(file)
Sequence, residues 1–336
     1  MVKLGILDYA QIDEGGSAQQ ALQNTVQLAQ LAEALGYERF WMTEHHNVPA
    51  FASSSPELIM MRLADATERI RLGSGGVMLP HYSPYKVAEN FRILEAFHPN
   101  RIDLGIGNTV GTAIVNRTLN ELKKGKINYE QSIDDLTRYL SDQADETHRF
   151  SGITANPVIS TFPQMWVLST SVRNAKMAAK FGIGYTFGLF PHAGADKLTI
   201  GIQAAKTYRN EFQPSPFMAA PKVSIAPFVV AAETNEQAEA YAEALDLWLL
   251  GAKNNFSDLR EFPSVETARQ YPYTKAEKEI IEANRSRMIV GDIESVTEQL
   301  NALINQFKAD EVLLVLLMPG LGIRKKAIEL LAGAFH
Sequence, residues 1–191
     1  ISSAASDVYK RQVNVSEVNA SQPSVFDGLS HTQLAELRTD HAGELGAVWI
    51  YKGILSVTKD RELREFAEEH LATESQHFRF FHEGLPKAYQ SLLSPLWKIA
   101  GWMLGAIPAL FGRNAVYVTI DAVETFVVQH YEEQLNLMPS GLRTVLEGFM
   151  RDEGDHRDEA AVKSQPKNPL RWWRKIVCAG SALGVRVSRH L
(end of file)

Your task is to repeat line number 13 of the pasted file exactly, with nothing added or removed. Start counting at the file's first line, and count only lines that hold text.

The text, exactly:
   151  RDEGDHRDEA AVKSQPKNPL RWWRKIVCAG SALGVRVSRH L